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Am J Respir Crit Care Med. 2011 Dec 15;184(12):1358-66. doi: 10.1164/rccm.201105-0802OC. Epub 2011 Sep 1.

Telomere dysfunction causes sustained inflammation in chronic obstructive pulmonary disease.

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1
Institut National de la Santé et de la Recherche Médicale, Hôpital Henri Mondor, Assistance Publique-Hôpitaux de Paris, Créteil, France.

Abstract

RATIONALE:

Chronic obstructive pulmonary disease (COPD) is associated with chronic inflammation of unknown pathogenesis.

OBJECTIVES:

To investigate whether telomere dysfunction and senescence of pulmonary vascular endothelial cells (P-ECs) induce inflammation in COPD.

METHODS:

Prospective comparison of patients with COPD and age- and sex-matched control smokers. Investigation of mice null for telomerase reverse transcriptase (Tert) or telomerase RNA component (Terc) genes.

MEASUREMENTS AND MAIN RESULTS:

In situ lung specimen studies showed a higher percentage of senescent P-ECs stained for p16 and p21 in patients with COPD than in control subjects. Cultured P-ECs from patients with COPD exhibited early replicative senescence, with decreased cell-population doublings, a higher percentage of β-galactosidase-positive cells, reduced telomerase activity, shorter telomeres, and higher p16 and p21 mRNA levels at an early cell passage compared with control subjects. Senescent P-ECs released cytokines and mediators: the levels of IL-6, IL-8, monocyte chemotactic protein (MCP)-1, Hu-GRO, and soluble intercellular adhesion molecule (sICAM)-1 were elevated in the media of P-ECs from patients compared with control subjects at an early cell passage, in proportion to the senescent P-EC increase and telomere shortening. Up-regulation of MCP-1 and sICAM-1 led to increased monocyte adherence and migration. The elevated MCP-1, IL-8, Hu-GROα, and ICAM-1 levels measured in lungs from patients compared with control subjects correlated with P-EC senescence criteria and telomere length. In Tert(-/-) and/or Terc(-/-) mouse lungs, levels of the corresponding cytokines (MCP-1, IL-8, Hu-GROα, and ICAM-1) were also altered, despite the absence of external stimuli and in proportion to telomere dysfunction.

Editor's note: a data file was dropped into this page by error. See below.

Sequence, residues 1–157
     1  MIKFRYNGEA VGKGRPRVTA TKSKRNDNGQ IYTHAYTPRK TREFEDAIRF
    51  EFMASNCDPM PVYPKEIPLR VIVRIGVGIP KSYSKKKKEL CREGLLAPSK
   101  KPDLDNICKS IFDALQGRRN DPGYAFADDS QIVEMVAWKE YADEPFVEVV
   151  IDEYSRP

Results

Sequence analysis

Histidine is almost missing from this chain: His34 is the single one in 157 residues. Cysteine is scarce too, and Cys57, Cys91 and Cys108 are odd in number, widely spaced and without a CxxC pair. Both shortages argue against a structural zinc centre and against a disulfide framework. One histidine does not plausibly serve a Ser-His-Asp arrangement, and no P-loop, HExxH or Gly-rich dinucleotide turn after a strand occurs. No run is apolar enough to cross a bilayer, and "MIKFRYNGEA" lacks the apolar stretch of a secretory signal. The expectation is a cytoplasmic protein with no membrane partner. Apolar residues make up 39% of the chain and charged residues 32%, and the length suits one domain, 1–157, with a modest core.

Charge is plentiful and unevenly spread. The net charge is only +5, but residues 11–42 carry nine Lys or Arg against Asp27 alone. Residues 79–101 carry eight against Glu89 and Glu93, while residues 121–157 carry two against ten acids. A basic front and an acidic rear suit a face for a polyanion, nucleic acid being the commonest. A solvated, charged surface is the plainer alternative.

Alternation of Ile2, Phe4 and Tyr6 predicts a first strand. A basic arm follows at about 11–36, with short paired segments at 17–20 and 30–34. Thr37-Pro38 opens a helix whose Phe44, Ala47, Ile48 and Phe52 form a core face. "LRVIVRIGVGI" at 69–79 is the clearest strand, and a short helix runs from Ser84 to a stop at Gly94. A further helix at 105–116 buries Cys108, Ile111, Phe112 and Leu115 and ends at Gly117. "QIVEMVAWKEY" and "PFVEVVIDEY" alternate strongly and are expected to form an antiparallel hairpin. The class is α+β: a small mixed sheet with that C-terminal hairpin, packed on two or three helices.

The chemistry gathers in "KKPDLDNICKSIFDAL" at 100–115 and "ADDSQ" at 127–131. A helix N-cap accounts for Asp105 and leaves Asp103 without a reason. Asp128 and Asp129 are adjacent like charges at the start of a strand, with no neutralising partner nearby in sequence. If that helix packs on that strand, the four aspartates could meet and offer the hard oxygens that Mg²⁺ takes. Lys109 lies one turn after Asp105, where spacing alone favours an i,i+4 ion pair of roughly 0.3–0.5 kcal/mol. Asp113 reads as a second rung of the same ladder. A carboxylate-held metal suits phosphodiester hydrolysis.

CONCLUSIONS:

Telomere dysfunction and premature P-EC senescence are major processes perpetuating lung inflammation in COPD.

Comment in

PMID:
21885626
DOI:
10.1164/rccm.201105-0802OC
[Indexed for MEDLINE]

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